Field Guide to Bible Translation-Part 3

Dynamic Equivalence

The translations in this category try to go further towards clear, flowing, modern English even if it sacrifices some of the literal wording of the original languages of the Bible. Let me be clear and say that I believe that in most cases, these types of translations are good translations and are the Word of God. Also, these translations are also on a scale. Some take more liberties than others. That does not necessarily mean they are less accurate. It just means their idea of modern and clear English are slightly different than others. Below are a few of the main dynamic translations. As with the literal translations, I will be listing these from more literal to less literal based on my own research. Others may disagree with me and that is fine.


New International Version

This is the version of the bible that replaced the King James for many people. It has actually outsold the King James Version as of 2020 according to the Christian Book Expo which is a Christian Book and Bible expo held every year:

New English Translation

This is an interesting translation in that it has thousands of translator notes that explain why they translated verse a certain way or information about the people, places, and objects of the Bible you may not have known. It was also the first Bible designed for the internet although printed versions are available.

How do I use these translations?

This type of translation is opposed by some as too broad and too liberal, especially the New Living Translation. However, in my opinion, the NIV and NET Bibles can be used in Bible study. The New Living Translation is much broader and I would not recommend using it as your study Bible. However, if the meaning of a verse is not clear, it may be able to help. In my study, I study the NASB but compare it to the ESV, NIV, NET, and NLT (in that order).


This last category, in my opinion, is not fit to be called a translation. Have you ever said something and another person decided to summarize and paraphrase what you said? I bet it ended up having a much different meaning than what you originally said. A paraphrase is someone saying, “This is how I would say it…” That may be fine for some things, but when it comes to the Word of God, that is dangerous. If you thank about it, an inaccurate translation on a contract could cause financial loss. An inaccurate translation in a treaty to bring two nations to war. A wrong “translation” of a passage or verse could, at best, confuse us about who God is and what He does and, at worst, keep us out of heaven. In my opinion, it is an extremely bad idea to use a paraphrase as your study Bible. Even using them as a tool to try to understand a difficult verse or passage in the Bible is unwise. You are reading a single person’s interpretation of what the Bible says that, at best, is loosely based on what the Bible actually says.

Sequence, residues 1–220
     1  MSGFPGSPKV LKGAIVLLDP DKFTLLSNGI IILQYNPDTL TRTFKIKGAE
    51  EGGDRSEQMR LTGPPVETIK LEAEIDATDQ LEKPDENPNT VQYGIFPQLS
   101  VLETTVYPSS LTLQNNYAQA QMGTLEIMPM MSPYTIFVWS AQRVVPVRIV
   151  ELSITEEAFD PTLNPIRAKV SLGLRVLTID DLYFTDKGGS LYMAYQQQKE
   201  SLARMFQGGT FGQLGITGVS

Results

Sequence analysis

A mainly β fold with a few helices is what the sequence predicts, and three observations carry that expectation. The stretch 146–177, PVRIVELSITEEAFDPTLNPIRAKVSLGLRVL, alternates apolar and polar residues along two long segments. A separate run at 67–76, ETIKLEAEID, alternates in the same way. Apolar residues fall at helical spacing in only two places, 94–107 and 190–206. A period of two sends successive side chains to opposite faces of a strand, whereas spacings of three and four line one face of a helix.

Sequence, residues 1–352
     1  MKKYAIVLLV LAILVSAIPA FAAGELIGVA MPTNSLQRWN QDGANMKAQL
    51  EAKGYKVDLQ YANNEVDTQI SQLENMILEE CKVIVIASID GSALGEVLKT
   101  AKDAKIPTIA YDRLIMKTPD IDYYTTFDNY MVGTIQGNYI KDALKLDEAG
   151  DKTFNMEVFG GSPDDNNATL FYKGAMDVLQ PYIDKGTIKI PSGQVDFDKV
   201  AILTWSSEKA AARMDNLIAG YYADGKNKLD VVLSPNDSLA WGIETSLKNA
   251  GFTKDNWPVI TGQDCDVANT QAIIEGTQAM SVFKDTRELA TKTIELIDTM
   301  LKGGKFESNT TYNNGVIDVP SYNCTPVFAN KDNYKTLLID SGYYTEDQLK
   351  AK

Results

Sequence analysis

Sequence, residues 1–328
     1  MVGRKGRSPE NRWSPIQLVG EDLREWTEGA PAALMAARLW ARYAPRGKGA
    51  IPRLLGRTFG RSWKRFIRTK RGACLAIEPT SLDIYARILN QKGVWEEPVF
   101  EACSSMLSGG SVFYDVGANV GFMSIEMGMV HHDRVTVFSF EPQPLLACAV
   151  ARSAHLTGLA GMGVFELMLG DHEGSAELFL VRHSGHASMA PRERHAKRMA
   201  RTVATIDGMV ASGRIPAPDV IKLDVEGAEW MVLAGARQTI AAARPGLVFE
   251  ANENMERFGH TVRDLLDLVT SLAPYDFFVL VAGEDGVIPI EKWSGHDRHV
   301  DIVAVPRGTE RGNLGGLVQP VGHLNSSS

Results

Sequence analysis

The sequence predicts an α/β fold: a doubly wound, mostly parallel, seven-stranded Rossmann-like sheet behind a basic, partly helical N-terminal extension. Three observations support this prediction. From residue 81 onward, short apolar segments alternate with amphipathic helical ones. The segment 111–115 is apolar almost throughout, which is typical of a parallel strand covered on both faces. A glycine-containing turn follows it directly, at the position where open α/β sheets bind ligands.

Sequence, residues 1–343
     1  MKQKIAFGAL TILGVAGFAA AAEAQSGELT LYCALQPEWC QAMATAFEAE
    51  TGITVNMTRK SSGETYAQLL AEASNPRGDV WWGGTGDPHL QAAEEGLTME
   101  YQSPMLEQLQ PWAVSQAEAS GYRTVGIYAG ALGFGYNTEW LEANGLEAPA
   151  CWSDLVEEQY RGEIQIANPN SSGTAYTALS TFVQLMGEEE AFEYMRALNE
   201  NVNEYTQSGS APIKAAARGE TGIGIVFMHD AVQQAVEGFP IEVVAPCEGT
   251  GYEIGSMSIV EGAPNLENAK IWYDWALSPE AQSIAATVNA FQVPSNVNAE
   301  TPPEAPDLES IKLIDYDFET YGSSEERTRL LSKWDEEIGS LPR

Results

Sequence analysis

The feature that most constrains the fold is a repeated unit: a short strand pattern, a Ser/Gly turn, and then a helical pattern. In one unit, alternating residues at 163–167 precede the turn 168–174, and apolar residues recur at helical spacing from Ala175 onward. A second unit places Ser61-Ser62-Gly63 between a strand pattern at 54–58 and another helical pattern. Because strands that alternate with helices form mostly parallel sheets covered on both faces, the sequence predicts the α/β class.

The translations I have referenced above were all translated by a team or committee of scholars. These paraphrases that I mention below were mostly done by one person. These individuals did not have the checks and balances of working with a team of scholars. In some cases, the people did not even know the original languages of the Bible. Below I will list some of the more common and some dangerous paraphrases. I will list these from least dangerous to most dangerous. All but the Living Bible and New World Translation will be talked about in separate articles.

  • The Living Bible (LB) (See Section Below)
  • The New World Translation (See the section below)
  • The Message (MESSAGE) (Discussed in the next article)
  • The Passion Translation (TPT) (As we will see, the word translation is a lie) (Discussed in the next article)
  • The Mirror Bible (Discussed in another article).

The Living Bible

This paraphrase of the Bible was created by Kenneth N. Taylor and published in 1971 by Tyndale house publishers. The intentions of Kenneth N. Taylor seem to be innocent in wanting to make the Bible more understandable by rewording the American Standard Version (ASV) published in 1901. The ASV was another word-for-word translation. In some areas, he did a fairly good job, but in other areas, he was not as accurate. See the following article for more details: I will say again that no paraphrase should ever be used to study God’s Word.

The New World Translation

Although I am putting this here, this is not a paraphrase. It is a corrupted translation used by the Jehovah’s Witness Cult and purposefully mistranslates several verses to back up their erroneous teachings. Please see the following article for information on how this translation has corrupted God’s Word:


In the next article, we will look at the Message Bible and The Passion Translation, two “Bibles” to stay away from.